I like to have a lot of discussions around political strategy with friends, both politically-oriented folks as well as more detached friends. I was e-mailing with one fairly politically-oriented friend of mine back and forth through the day yesterday about Don't Ask, Don't Tell, and the question of issue prioritization.
He wasn't comfortable with me publishing his response or naming him, but his complaint boiled down to why the LGBT movement is prioritizing repeal of Don't Ask, Don't Tell - which, in his eyes, affects a tiny fraction of LGBT people in this country - over passage of other issues, notably ENDA, given that employment discrimination against people based on sexual orientation is still legal in 29 states, and legal based on gender identity or expression in 38 states.
I think this question is an important and valid one, and I have a number of thoughts on what's wrong with the question itself, and why it isn't entirely up to "the LGBT movement." More in the extended entry.
- While it is true that the momentum has shifted from ENDA towards DADT, the work to pass ENDA has not completely stopped. There are a number of organizations out there who are focusing almost entirely on ENDA, as well as activists in online spaces such as this one. Frankly, that is probably a good thing. There shouldn't be one collective hive mind directing everyone to do one thing. There is a diverse movement that is moving on many different issues at once, so calls for "the LGBT movement" to do something, aside from being vague and unproductive, don't mean a lot since "the LGBT movement" never moves in lockstep.
- That said, there is the question of resources. As I wrote at my home blog, OpenLeft.com, when raising questions about the timing of the National Equality March and being spread thin, I have never been a "we can walk and chew gum at the same time" - you have to have enough gum to go around for every issue movement, and there isn't enough.
The answer to that is that sometimes this is out of activists' hands. President Obama mentioned DADT in the State of the Union (and did not mention ENDA). The result was increased chatter on DADT for the next several days on cable news, in op-ed pages, polling firms choosing to poll on the issue and release the results, and people like me writing about all of it. All of that led to John McCain's comments, Colin Powell and Dick Cheney choosing to speak out, and so forth. In other words, the President helped kick start the momentum - momentum we haven't had since 1993, in my view - and now that it's there, it's important to take advantage of it. You could say that activists like me calling for the President to discuss repeal in the speech, and institutions lobbying for the same, helped lead to all of that, but there wasn't any one major decision that "okay, the LGBT movement is going to collectively shift to Don't Ask, Don't Tell! Go!" Thus, another reason why attacks on "the LGBT movement" aren't entirely accurate. President Obama played a major role in starting this momentum, and when it's there, you have to grab it, and channel resources to that effect.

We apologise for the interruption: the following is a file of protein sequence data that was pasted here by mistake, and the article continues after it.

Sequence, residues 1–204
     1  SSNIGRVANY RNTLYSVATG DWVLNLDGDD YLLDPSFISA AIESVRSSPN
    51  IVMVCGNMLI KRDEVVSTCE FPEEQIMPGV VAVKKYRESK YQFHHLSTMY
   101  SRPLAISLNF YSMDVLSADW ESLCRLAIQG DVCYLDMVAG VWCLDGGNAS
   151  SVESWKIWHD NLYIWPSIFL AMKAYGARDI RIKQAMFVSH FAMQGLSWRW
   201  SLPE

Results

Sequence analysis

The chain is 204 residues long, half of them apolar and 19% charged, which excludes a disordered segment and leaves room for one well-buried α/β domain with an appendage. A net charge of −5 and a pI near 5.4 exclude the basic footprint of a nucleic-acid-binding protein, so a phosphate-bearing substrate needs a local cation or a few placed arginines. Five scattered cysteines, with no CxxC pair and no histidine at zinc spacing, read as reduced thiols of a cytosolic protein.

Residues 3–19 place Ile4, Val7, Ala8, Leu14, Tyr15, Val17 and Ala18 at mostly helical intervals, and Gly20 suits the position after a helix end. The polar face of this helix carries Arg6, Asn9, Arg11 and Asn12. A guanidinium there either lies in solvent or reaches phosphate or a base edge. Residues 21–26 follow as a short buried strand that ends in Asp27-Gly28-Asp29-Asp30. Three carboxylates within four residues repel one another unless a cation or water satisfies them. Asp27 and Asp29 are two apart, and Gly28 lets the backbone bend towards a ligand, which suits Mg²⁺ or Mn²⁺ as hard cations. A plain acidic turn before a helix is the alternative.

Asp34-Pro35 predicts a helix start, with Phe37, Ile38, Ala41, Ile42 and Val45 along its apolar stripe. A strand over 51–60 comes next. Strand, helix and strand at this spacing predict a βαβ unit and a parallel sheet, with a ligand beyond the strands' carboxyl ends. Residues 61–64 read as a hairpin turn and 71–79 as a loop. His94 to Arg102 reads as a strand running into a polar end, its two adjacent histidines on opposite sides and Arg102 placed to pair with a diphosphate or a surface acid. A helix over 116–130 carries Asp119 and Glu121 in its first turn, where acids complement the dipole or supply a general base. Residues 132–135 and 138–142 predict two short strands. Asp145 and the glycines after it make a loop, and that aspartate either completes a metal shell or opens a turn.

- The third point I want to mention is on the question of resources and enthusiasm. The question was raised in the same way around how activists working on marriage equality were "sucking the energy out of the room" around ENDA. On this, I turn to the words of Markos at DailyKos - "it's a big internet." If you don't like the direction being taken in terms of strategy or prioritization, you can always do it your own way.
I also would refer to a piece my colleague at OpenLeft, Chris Bowers, wrote titled "how to start your own netroots organization," in which he describes methods we have used at OpenLeft to build online mobilization efforts. When I was in Dallas for Creating Change, where I had the pleasure of serving on a panel with Bil, one thing I mentioned is that a number of institutions - including OpenLeft - have sprung up in response to disagreement with the strategy or prioritization taken by other institutions. Hell, that's one big reason some of the earliest progressive bloggers started blogging.
Now OpenLeft even has our own tools like an e-mail list, a fundraising apparatus and action tools for contacting legislators, and with our readers' help, we got a health care public option in merged Senate bill, elected Rep. Donna Edwards in the face of establishment backing for Al Wynn, got every major 2008 Senate Democratic challenger to come out in favor of net neutrality, and other wins, not to mention some close losses like in Maine (coming close in no small part due to the efforts of Projectors!), and changing the debate on issues like no residual forces in Iraq. Folks like Dr. Weiss here at TBP are already taking it into their own hands to work on ENDA. All of that came because a number of us didn't like the way other institutions were acting, so we built our own, and so can you.
The bottom line is that there are entirely valid questions about channeling resources and issue prioritization. Some of it is in activists' hands, and some is not, but there is no collective focus on just one issue, nor is it wise to just ignore all of the momentum on Don't Ask, Don't Tell and insist on focusing on ENDA. Opportunities must be taken as they come.
Cross-posted from my home blog, OpenLeft.com, where I write about LGBT and progressive movement strategy, and build online mobilization efforts.